Thursday, June 09, 2011

A good take on MSFT

Insider Monkey has the complete transcript of David Einhorn at the Ira Sohn conference, in which he picks MSFT as a long, and explains the overhang in the stock.

Like Einhorn, I believe that MSFT is just ridiculously cheap.  Given the fact that many cloud businesses are trading at 10x revenues (with few or no discernable profits), MSFT, which trades at 10x earnings, is a bargain.

Einhorn's view - that the big risk is not that earnings will suddenly evaporate when the iPad kills the laptop (this is Street fancy compounded by the need to make aggressive predictions if you want to appear reguarly on CNBC), but rather that Steve Ballmer and the management team will reinvest those earnings poorly is exactly right.  Unfortunately, we have received another sad example of this with the insane valuation MSFT paid for Skype.

Of course, people don't own tech for value - they own it for momentum and huge operating leverage - and without big growth prospects, MSFT cannot attract growth investors, and as a tech company - particularly one with huge amounts of outstanding shares, it cannot attract value investors, or at least not enough value investors to help the share price.  But this means that the best investment MSFT can likely make is in its own future cashflows from Windows - by repurchasing shares.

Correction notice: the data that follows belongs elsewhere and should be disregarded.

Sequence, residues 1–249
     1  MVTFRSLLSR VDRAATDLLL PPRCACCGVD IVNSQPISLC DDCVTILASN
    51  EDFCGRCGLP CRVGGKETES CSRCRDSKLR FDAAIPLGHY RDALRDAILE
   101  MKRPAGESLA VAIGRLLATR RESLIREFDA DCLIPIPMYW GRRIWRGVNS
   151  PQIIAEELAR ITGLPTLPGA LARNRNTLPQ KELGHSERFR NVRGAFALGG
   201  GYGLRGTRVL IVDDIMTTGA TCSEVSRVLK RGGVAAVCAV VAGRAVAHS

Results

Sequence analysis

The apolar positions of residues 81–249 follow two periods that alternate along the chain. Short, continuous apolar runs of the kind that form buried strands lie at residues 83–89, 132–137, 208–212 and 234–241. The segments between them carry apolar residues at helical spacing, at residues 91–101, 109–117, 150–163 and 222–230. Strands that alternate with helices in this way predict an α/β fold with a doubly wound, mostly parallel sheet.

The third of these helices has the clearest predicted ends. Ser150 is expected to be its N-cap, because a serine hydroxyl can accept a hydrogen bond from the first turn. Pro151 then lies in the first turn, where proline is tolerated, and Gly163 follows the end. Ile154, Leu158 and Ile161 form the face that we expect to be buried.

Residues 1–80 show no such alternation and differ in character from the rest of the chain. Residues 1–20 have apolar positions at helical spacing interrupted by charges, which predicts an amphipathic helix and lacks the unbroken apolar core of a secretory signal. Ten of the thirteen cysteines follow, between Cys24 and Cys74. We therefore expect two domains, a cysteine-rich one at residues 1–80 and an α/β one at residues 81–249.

Sure, you can argue that they already do this - and they have made a significant reduction in shares outstanding.  Moroever, they have finally reached the end of the stock options issued to employees, so equity conversion will no longer be a drag on net repurchases.  But there is no reason they cannot continue or even consider accelerating repurchases.

Plus, if they were to dump the online search business, which has been a perennial loser, they could convert a $2.5B drag on earnings ($0.28 per share before tax) into a one time gain - potentially as equity in a complementary business.  Personally, I like Einhorn's suggestion that MSFT sell Bing to Facebook for equity in Facebook, but I digress. With the savings, they could raise the dividend again to become that much more attractive to value investors and the rising tide of Baby Boomer retirees, who need to figure out how to invest their 401(k)s for the next several decades.  This would be almost a "free" dividend hike, since it would not reduce after-dividend cash flows - meaning that R&D could continue apace, and MSFT would hold out the attraction of being able to raise a solid dividend at a rate faster than inflation, a retirees' dream: a rising standard of living in retirement!  As a very liquid stock, this could create a large bulk of "permanent" capital held by long term investors.

But, Ballmer is well on his way to being the largest individual shareholder, as Gates continues to whittle down his direct holdings, so the likelihood that he will be ousted is small.  Even so, I believe that MSFT can be a $34 stock at virtually any moment.  In the meantime, I can collect my dividend and wait, while the company continues to by $34 dollar bills at $24, giving me an immediate 30% return on repurchases.  I also reinvest my dividends.

[UPDATE]: I think I also want to look at this insurance company Einhorn mentions.  The numbers are simply amazing.